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The European Union has announced the creation of the European Travel Information and Authorization System (ETIAS), which is summarized in a compulsory permit for visitors from various countries around the world, including 15 Latin Americans: Argentina, Brazil, Chile, Costa Rica, Colombia, El Salvador, Mexico, Guatemala, Honduras, Nicaragua, Panama, Paraguay, Peru, Uruguay and Venezuela.
In general terms, the document is a visa disguised as a “permit” that must be processed if you want to have access to the Schengen Area. If the visitor obtains it, he / she will be able to transit through the entire space without restrictions for up to 90 days. This was approved by the European Parliament and by the Council of the European Union, at the initiative of the European Commission. Until recently, only citizens of four Latin American countries have to submit a visa: Cuba, Ecuador, Bolivia and the Dominican Republic. However, now the Latin American citizens of the 15 countries mentioned should do the procedure.
The Schengen Area is an area of free mobility with a significant migratory flow. It exists since 1985 and the purpose is to remove border controls for a truly free transit. It does not cover the 28 countries of the European Union (the United Kingdom is still a member), only 22 are part of it. The other six are not part of the space for various reasons, either because they fear migratory flows to their territory as is the case of the United Kingdom and the Republic of Ireland, or because opening the space would involve large flows mainly for economic reasons. Precisely, in this situation are Croatia, Bulgaria, Romania and Cyprus.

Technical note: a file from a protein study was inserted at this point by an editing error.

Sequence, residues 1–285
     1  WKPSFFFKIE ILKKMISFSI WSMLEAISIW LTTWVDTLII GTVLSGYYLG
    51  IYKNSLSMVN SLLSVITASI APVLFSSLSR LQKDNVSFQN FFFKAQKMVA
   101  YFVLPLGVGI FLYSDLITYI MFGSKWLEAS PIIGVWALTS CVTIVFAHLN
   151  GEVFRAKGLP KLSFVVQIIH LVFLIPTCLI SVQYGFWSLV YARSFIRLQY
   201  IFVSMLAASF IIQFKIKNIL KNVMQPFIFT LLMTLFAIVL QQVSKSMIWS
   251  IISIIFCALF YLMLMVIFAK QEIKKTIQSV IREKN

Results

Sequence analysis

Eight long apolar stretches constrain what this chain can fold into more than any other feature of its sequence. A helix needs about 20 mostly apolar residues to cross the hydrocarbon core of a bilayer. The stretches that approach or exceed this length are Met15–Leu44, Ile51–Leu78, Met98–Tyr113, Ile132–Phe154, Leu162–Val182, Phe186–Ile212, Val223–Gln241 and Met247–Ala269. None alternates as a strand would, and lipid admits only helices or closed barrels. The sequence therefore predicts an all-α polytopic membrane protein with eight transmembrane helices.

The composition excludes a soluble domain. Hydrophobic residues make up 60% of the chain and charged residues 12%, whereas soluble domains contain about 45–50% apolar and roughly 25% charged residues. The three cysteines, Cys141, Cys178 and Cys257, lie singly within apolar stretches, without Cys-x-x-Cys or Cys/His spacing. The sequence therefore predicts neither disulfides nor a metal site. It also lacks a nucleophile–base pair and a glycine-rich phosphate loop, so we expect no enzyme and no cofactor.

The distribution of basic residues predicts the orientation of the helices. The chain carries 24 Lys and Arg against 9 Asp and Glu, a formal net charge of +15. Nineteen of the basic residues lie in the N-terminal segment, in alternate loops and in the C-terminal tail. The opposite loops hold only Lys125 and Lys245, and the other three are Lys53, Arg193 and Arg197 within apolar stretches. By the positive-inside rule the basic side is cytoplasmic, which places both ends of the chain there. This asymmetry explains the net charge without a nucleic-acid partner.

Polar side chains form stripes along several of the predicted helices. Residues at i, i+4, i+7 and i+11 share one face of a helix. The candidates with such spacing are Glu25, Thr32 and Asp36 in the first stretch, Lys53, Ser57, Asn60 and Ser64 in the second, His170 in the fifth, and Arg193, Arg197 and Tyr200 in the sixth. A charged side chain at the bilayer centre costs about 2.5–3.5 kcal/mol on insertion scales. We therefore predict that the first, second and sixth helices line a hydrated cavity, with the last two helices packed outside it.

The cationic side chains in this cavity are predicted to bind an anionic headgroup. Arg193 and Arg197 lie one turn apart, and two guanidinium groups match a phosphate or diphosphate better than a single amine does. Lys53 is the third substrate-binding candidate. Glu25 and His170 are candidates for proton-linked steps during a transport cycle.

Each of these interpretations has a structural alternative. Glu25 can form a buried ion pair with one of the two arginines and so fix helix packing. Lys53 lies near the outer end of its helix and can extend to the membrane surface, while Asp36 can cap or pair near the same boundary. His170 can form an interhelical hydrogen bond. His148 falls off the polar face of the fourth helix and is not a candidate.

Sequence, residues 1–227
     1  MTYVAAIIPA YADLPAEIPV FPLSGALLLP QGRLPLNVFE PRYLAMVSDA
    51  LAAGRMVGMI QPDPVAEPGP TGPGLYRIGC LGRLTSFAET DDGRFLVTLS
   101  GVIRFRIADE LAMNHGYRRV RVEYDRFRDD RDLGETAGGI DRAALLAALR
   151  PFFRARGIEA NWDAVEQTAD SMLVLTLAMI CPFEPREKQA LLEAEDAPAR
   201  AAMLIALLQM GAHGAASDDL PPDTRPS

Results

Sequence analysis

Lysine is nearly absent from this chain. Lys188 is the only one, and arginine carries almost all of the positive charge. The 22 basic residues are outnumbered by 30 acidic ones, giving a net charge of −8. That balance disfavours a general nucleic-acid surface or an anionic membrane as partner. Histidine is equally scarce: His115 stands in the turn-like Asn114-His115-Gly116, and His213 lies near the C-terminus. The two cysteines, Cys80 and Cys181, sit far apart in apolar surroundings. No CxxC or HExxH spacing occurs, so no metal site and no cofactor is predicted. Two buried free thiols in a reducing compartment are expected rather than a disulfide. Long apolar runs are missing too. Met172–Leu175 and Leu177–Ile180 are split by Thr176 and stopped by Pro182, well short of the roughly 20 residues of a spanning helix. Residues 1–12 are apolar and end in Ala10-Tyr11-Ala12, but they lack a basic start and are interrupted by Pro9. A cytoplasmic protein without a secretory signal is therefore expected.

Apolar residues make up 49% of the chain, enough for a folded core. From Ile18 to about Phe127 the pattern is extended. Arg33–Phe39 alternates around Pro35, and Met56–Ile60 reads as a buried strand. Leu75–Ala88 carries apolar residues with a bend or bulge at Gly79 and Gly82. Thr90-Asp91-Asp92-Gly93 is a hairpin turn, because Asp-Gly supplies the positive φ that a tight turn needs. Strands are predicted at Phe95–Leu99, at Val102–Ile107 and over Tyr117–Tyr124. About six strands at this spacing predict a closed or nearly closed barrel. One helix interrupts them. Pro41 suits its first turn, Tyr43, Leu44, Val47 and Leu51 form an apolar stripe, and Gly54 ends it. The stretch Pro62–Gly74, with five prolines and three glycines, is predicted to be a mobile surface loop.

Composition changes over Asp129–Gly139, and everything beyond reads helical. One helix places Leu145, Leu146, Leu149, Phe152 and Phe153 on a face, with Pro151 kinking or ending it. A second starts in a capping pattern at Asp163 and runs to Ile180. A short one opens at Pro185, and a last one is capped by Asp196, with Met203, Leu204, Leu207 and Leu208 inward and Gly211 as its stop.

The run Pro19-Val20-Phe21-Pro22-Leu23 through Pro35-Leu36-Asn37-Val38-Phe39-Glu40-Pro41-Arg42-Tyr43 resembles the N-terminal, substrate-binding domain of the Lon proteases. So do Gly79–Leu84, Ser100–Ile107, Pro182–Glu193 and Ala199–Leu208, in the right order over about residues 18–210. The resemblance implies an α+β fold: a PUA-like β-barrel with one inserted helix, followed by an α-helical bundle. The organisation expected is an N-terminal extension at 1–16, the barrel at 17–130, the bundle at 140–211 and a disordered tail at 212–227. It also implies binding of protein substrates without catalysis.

In total, the Schengen Area consists of 26 countries, 22 of the European Union plus Switzerland, Norway, Iceland and Liechtenstein. If a visitor obtains the permit, they can circulate throughout the space for up to 90 days. The document is valid for up to 3 years if the passport has that validity, if the validity is lower the permit expires with the passport, and its cost will be € 7. In the process they ask the reasons for the trip, if they have relatives in the European Union, data on education, employment and “security questions” according to the institution’s words.
The tightening of its migration policies belatedly responds to the migration crisis that Europe had in the last five years, where the tension generated by terrorism, Islamophobia, xenophobia, social polarization and the strengthening of the extreme right has grown. The European Union responded by restricting the Schengen Area after a long discussion that lasted for years, which in some cases even sought to cancel it.
In the case of Latin Americans, tourism will be difficult since most tourists could enter for up to 90 days with minor restrictions. However, this could bring benefits for tourism in the region, since tourists can opt for Latin American destinations instead of Europeans. Until after 2020 it will be possible to analyze whether the measure has served to reduce terrorism and illegal migration for economic reasons. Despite its criticism of Donald Trump, the European Union has not responded so differently. The US president toughened the granting of visas, now Europeans imposed ETIAS as a euphemism for visas.